• 1902– Helps to establish the P. Huntington fund for cancer research
  • 1906– Shows first-ever proof of transmissible cancer
  • 1907– Founds American Association for Cancer Research
  • 1910-39 Establishes clinical research facility at Memorial Hospital (would become memorial Sloan Kettering Cancer Centre)
  • 1913– Visits Europe with Dr J. Douglas to investigate the use of radium as a therapeutic agent in cancer – later this year Dr Douglas founds the National Radium Institute  
  • 1913– Founds the American Society for Cancer Control (now the American Cancer Society)
  • 1919– Publishes the first edition of Neoplastic Diseases: a Textbook on Tumours – of which he was the sole author. At the time of its publication and the decades that followed it was seen as the authoritative textbook on cancerous diseases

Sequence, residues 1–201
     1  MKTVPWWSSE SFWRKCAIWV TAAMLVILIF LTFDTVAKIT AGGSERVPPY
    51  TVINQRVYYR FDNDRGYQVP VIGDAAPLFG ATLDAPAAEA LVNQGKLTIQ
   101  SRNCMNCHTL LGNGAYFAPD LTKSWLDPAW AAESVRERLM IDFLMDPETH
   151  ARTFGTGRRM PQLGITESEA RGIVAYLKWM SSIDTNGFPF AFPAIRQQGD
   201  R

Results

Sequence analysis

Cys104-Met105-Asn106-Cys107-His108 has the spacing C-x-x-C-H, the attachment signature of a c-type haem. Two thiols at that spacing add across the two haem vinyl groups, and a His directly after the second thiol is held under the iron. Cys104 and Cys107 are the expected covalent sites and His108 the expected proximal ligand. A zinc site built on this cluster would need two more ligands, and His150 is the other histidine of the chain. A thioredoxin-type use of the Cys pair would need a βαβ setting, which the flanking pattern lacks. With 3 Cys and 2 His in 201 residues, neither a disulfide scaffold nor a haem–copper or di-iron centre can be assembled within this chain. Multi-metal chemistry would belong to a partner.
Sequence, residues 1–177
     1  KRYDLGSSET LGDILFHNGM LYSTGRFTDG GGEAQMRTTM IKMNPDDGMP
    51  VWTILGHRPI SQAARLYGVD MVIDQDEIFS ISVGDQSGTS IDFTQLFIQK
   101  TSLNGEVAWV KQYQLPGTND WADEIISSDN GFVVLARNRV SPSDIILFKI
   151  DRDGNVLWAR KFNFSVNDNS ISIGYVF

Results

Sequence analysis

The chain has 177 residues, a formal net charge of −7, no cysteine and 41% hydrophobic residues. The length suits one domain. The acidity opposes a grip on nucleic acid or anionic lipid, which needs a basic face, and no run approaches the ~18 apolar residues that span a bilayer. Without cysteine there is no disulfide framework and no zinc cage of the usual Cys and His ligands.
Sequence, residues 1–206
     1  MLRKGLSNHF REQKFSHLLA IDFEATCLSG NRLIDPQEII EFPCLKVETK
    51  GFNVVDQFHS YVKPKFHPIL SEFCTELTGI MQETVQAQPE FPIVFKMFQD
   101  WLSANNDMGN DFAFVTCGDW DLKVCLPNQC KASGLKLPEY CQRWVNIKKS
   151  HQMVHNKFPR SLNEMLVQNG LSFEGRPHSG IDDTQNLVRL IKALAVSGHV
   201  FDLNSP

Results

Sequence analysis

• 1921– Published paper ‘diffuse endothelioma of bone’ that would become Ewing sarcoma- first presented to the New York pathology society 
  • 1931– Formally appointed as President of Memorial Hospital
  • 1931– Appears on the cover of Time magazine
  • 1939– Retires as president of Memorial Hospital
  • Died on May 16 1943 from bladder cancer 

Medical Eponyms

Ewing Sarcoma 1921


First described by Georg Albert Lücke, a German surgeon, in 1866, and later by Hidebrand in 1890. Ewing is credited as the first person to distinguish this tumour as separate from lymphoma or neuroblastoma. Initially describing it as an ‘endothelioma of the bone’ before recognising the histopathology was more complex, thus calling it an ‘endothelial myeloma’. Ewing published his initial paper ‘Diffuse Endothelioma of Bone’ in 1921 (https://doi.org/10.3322/canjclin.22.2.95) before publishing his follow up report entitled Further report of endothelial myeloma of bone’.